There is a part of me, a fundamental, essential part, who does not live in time. He has no awareness of things coming and going, of their not being here and then of their being here. For him, my dear J has always been here. She was here already, when I rode my tricycle for the first time, not so much waiting for fate to unfold its complex map of indecipherable interconnections, but just here, like the sky, like dreams, like waking every morning, like hard words. And now…
And now he does not know that she has gone, that my dear J has gone ahead for a while. And so he brings me dreams, every night he brings me dreams, and there she is … sitting, walking now (as in adult life she could not), reading a book to me, telling me how affairs must be ordered. And I am always at least a bit puzzled … ‘But I thought you had died … how odd…’ And sometimes I even start to tell the sorry tale of breathlessness, of the paramedic, of the flashing blue light that on this night had come for her, of the hospital. She pays me no attention when I talk like that.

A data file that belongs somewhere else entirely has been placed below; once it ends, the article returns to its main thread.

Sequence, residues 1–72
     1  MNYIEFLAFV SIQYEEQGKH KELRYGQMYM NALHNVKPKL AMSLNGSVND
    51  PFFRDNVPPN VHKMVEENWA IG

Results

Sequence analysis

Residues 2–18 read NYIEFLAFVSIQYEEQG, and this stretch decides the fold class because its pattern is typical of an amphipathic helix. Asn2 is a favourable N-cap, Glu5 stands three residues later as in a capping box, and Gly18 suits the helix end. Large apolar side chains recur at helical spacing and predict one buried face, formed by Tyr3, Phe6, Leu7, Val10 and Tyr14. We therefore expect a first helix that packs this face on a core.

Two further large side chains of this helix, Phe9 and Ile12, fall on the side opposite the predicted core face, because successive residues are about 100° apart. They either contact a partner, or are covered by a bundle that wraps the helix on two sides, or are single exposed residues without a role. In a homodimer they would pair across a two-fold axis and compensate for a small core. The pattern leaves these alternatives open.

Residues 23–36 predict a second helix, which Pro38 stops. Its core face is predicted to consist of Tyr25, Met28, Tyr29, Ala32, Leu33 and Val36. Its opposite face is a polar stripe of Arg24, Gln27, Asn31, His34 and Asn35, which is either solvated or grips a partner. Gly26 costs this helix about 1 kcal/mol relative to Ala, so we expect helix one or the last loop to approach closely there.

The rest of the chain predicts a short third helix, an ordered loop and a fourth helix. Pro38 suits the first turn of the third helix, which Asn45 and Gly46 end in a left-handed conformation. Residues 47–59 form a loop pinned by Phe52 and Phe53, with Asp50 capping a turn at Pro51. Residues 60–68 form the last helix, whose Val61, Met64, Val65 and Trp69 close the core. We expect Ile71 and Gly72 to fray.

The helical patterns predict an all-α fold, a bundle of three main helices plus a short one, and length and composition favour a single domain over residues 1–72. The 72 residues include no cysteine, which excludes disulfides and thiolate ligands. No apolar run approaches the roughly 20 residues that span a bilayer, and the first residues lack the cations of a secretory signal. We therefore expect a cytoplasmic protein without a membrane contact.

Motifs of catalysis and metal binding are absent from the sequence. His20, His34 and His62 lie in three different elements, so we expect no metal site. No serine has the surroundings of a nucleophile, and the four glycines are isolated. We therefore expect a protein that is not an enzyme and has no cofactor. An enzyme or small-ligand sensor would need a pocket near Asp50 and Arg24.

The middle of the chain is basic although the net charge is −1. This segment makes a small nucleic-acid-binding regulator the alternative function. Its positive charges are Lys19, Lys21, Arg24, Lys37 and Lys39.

But my non-temporal self seems so puzzled by it all. No tricycle, no orchard, no grandparents, no wife, and an aging face in the mirror that looks so forlorn and lost, as if pleading for a ticket that will affect the transition out of the prison camp to somewhere a bit nicer than that. And he says, in such bewildered tones, ‘But they are right here. I have just been up and down the pavement outside, and the bearings are easing. I have my married life ahead of me, don’t I? Will anything be achieved? Will my grandmother stop snarling at my inability to make money? Did I not, then, ever master anything of value? I will learn to play the guitar and the lyre, won’t I? Though those tunes I wrote seem ready to pop into my mind, new and as yet unfinished, at any moment…’
Has time itself broken? Or has it always been like this?